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Robert Longley

Electoral College vs. National Popular Vote

By April 25, 2008

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Back in Feb. 2007, supporters of the National Popular Vote initiative – a state-based legislative initiative which would allow the states to essentially "bypass" the Electoral College System – hoped to have won the support of enough states to have their plan in effect for the 2008 presidential election. While that’s not going to happen, until at least 2012, the move has gained momentum.

In rare presidential election years, like 2000, when the winner of the popular vote (Al Gore) ends up the loser, the Electoral College system comes under the heaviest fire.

However, in every presidential election, one problem with the Electoral College emerges: once the major candidates decide that certain states are "locked up" on their side, they tend to ignore those states and spend all their time campaigning in – and catering to – voters in the remaining small number of undecided or "battleground" states. This trend is likely to be repeated in the 2008 campaign, as political analysts consider only about 19 states to remain undecided between the eventual Democratic or Republican candidates.

Also See:
The Electoral College System
How to Lose But Win an Election
Electoral College Not the Founders' First Choice
Why Keep the Electoral College?


March 9, 2012 at 10:04 am
(1) G. Lopez says:

The current administration is doing a great job at dividing the people
after all that is one of the main tactics of class warfare fortunately the silent majority that is not subject to government giveaways and cannot be wowed by smoke and mirror statistics and total media backing will be heard in the coming elections and this will be a clear and loud message to radicals of both parties
It is embarrassing to see how the media has lost its objectivity and has fallen to the depths of buy and sell to the highest bidder

May 20, 2012 at 11:20 pm
(2) Larry says:

How are you going to do this without violating the Constitution which calls for the electorial college?

May 20, 2012 at 11:24 pm
(3) Larry says:

The reason our forefathers used the electorial college is because they did not believe that the average person knew enough about politics to make a sound decision.

September 28, 2012 at 5:11 pm
(4) LWells says:

I live in a state where all the delegates go to one party. I think the electoral college should be abolished and the election decided by popular vote.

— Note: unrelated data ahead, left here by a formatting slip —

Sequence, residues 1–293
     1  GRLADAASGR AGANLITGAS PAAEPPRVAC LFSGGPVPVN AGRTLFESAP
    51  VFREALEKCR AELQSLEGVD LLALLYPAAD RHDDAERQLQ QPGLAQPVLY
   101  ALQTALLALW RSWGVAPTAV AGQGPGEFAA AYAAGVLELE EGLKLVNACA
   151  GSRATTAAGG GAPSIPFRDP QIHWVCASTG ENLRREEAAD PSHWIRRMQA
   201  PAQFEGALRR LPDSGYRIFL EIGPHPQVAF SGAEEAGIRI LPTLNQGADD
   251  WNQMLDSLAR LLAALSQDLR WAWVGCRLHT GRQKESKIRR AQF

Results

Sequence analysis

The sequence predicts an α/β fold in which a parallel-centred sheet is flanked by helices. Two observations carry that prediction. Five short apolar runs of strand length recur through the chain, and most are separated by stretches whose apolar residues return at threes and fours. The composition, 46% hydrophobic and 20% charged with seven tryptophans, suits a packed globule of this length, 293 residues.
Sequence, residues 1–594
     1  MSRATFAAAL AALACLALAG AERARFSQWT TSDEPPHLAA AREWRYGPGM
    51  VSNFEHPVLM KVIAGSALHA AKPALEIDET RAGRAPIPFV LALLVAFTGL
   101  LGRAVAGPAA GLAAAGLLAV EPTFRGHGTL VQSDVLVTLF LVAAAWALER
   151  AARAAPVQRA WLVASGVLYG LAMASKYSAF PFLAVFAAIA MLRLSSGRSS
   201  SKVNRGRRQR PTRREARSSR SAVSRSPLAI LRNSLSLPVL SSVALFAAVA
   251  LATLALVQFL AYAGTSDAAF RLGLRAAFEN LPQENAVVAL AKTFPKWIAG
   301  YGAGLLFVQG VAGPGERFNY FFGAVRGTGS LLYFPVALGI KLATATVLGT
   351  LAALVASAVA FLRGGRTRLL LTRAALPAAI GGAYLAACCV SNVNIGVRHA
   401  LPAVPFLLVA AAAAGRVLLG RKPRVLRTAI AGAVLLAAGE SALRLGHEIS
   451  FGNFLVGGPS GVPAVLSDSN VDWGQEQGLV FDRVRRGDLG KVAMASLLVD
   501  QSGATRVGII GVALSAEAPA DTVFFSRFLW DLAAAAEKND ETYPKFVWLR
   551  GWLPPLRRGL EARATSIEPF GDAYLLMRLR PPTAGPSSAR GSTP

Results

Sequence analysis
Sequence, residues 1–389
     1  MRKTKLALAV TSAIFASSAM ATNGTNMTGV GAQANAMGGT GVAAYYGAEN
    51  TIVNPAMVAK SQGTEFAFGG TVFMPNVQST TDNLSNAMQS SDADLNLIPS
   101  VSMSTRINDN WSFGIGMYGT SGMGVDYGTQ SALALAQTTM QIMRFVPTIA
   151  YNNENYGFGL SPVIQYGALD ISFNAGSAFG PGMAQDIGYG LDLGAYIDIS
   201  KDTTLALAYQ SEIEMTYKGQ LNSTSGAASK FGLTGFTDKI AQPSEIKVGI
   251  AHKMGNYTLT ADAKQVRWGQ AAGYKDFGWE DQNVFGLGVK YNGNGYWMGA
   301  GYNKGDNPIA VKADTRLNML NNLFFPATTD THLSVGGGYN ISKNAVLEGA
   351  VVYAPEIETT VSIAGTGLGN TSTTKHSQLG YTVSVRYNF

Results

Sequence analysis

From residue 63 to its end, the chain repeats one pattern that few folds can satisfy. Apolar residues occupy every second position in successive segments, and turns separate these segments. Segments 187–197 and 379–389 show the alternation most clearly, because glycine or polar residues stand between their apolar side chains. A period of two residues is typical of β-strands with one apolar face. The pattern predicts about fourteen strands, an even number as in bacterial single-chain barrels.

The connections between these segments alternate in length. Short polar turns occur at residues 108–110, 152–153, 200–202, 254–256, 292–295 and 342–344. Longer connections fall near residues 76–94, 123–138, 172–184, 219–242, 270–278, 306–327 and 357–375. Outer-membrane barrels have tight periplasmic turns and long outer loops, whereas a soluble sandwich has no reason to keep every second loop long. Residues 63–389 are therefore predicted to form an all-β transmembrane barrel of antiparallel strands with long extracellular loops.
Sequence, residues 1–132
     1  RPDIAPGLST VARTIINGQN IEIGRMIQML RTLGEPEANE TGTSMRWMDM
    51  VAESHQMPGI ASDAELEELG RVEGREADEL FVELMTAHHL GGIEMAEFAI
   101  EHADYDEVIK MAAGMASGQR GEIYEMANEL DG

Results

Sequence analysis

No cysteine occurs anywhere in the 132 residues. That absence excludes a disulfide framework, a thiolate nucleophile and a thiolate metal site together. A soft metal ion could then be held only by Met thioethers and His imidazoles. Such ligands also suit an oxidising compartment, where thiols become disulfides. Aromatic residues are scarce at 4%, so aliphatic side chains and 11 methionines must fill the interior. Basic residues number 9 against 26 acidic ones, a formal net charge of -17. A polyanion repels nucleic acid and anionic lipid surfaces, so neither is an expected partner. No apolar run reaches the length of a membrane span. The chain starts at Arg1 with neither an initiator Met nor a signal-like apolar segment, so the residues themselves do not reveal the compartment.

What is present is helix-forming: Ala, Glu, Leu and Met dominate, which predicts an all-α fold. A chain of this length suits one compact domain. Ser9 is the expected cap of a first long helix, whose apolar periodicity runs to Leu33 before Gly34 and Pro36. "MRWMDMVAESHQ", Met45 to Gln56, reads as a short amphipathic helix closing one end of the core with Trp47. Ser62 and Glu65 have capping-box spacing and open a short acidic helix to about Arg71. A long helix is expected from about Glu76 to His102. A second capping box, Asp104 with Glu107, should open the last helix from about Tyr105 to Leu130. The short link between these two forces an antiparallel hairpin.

October 7, 2012 at 3:28 pm
(5) Doodman says:

Way back when, oh 200 years ago our forefathers who thought out our constitution were sadly blinded yet equally smart in how they worded things. Now 200 years later and the world a completely different place we need to continue the tradition of democracy. You are a citizen, you vote on election day, your vote can be one of millions that makes the difference. The electoral college system might have worked great back in the day but this is the 21st century. Implement voter ID laws if needed but we have no real democracy if every vote does not count, literally.

October 15, 2012 at 2:36 pm
(6) GARY says:


October 21, 2012 at 12:02 pm
(7) John Huston says:

It is clear the electorial college should be revoked. To day with all the media and various interactive communication the popular vote is the only way to elect a President & Vice President. This does require valid identification of voters such as photo ID’s. It is clear that form 1960 to current time numerous elections have been decided against the popular vote. If ever the arguement that a single vote does not count, it is proven true with the electorial college in place.

November 3, 2012 at 1:00 pm
(8) A. Pagano says:

I believe the electoral college does NOT always fairly represent what the people of the state may want. No other election in the Country uses the electoral college – why the presidency? Folks say having the popular vote would stop candidates from campaigning in smaller states but isn’t that what happens now? Romney & Obama are spending tons of money in the ‘battleground’ states of Ohio, Pennsylvania etc.

November 6, 2012 at 7:27 am
(9) C. Rock says:

If the Electoral College was established because it was then felt the average man knew not enough about politics and government to vote appropriately, then why have a free vote at all. I think in all ways, it goes against the free vote itself. There may have been some reason for it which has been lost to our understanding but today I believe all voters are educated enough and experienced enough to vote intelligently. It needs to be written out.

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